Highly individual patterns of virus‑immune IgG effector responses in humans
Corrales Aguilar, Eugenia
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t IgG responses are fundamental to adaptive immunity and document immunological memory of previous pathogen encounter. While specific antigen recognition is mediated by the variable F(ab′)2 domain of IgG, various effector functions become activated via the constant Fcγ part bridging IgG-opsonized targets to FcγR-expressing immune effector cells. Traditionally, neutralizing IgG is considered the most appropriate correlate of protective humoral immunity to viruses. However, evidence is increasing that antiviral IgG mediates protection to viruses via activation of FcγRs. Using a test system allowing quantitative detection of virus-immune IgG able to activate FcγRs, sera of healthy individuals and vaccinees were assessed with regard to two prototypical human pathogenic viruses: measles and human cytomegalovirus. Marked differences in the capacity of individuals to generate FcγRI-, FcγRIIand FcγRIII-activating responses were noted. Comparison of FcγR-activating IgG with neutralizing and ELISA IgG concentrations did not correlate for HCMV and only very poorly for MV. Since neither neutralizing IgG nor overall IgG responses faithfully predict the activation of FcγRs, only the simultaneous quantification of IgGs activating defined FcγRs will aid to delineate individual “immunograms” of virus IgG immunity. Such new multiparametric assessment of antiviral IgG qualities could be instrumental in defining correlates of protection and disease progression.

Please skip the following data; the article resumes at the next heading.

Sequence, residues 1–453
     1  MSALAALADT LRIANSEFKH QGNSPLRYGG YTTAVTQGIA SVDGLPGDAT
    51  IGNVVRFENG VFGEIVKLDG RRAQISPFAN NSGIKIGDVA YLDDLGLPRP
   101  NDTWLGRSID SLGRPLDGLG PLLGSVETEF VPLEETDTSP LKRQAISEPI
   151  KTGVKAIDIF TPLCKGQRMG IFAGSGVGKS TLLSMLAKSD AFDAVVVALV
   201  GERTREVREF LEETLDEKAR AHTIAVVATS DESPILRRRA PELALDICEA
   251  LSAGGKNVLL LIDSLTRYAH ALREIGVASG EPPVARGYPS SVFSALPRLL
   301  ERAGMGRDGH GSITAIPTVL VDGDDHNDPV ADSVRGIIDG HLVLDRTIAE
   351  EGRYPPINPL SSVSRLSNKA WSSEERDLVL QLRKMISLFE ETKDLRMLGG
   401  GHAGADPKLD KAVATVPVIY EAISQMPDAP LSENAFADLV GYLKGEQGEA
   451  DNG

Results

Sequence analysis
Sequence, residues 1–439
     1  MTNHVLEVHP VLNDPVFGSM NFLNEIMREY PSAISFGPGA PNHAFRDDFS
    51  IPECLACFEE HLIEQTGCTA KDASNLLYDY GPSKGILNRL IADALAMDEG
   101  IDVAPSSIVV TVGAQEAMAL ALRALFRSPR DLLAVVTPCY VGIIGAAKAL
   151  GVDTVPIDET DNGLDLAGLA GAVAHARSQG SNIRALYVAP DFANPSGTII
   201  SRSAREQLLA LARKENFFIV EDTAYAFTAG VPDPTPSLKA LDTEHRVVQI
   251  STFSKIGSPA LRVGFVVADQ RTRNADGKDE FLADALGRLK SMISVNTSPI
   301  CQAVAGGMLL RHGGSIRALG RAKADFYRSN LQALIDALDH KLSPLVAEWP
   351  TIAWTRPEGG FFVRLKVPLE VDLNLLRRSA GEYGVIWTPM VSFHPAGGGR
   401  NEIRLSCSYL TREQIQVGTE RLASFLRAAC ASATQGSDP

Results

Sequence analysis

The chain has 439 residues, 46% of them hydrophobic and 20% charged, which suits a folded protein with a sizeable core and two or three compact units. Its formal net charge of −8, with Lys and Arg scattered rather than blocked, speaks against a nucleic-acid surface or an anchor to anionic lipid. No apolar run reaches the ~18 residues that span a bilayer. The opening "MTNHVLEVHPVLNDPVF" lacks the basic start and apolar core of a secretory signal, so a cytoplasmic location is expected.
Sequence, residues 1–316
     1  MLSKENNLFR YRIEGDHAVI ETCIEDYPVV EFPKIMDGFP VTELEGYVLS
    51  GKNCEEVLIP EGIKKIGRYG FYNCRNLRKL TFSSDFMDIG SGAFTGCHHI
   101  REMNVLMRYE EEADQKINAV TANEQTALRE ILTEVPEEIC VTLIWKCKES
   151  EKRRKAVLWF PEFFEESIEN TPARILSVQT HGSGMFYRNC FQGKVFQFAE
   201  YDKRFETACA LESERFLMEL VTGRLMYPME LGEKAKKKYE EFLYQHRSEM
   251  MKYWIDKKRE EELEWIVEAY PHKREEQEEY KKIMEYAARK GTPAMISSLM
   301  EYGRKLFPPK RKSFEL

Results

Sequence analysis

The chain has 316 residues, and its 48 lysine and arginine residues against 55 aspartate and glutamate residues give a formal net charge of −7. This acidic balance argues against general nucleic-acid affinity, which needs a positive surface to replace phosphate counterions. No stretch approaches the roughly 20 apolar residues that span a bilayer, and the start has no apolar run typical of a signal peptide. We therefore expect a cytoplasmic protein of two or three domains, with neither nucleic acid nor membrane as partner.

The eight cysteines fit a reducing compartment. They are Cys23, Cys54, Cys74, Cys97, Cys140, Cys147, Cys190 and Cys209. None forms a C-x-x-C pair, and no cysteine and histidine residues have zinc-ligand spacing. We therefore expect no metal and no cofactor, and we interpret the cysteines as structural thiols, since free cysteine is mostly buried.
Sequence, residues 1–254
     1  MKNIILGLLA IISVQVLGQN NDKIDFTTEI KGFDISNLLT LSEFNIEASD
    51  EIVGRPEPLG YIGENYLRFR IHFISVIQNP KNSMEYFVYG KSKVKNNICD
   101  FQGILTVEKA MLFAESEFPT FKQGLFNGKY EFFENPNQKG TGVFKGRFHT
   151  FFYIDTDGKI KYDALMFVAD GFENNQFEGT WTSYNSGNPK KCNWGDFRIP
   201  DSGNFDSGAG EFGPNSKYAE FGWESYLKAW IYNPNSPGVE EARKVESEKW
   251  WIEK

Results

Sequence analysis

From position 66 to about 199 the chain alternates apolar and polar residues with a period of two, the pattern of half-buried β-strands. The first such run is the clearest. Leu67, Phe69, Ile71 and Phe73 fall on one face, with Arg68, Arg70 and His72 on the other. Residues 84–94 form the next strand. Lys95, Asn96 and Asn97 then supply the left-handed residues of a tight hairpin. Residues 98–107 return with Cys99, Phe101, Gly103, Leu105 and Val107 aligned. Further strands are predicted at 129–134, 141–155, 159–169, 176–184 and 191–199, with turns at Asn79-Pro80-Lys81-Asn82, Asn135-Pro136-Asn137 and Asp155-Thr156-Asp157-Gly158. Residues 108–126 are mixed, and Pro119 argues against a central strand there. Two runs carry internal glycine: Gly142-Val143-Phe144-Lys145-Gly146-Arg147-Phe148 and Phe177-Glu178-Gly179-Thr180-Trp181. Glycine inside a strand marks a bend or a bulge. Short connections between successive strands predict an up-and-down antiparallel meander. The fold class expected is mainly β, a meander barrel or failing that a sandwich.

Enlace externo al ítem10.1007/s00430-016-0457-y
- Microbiología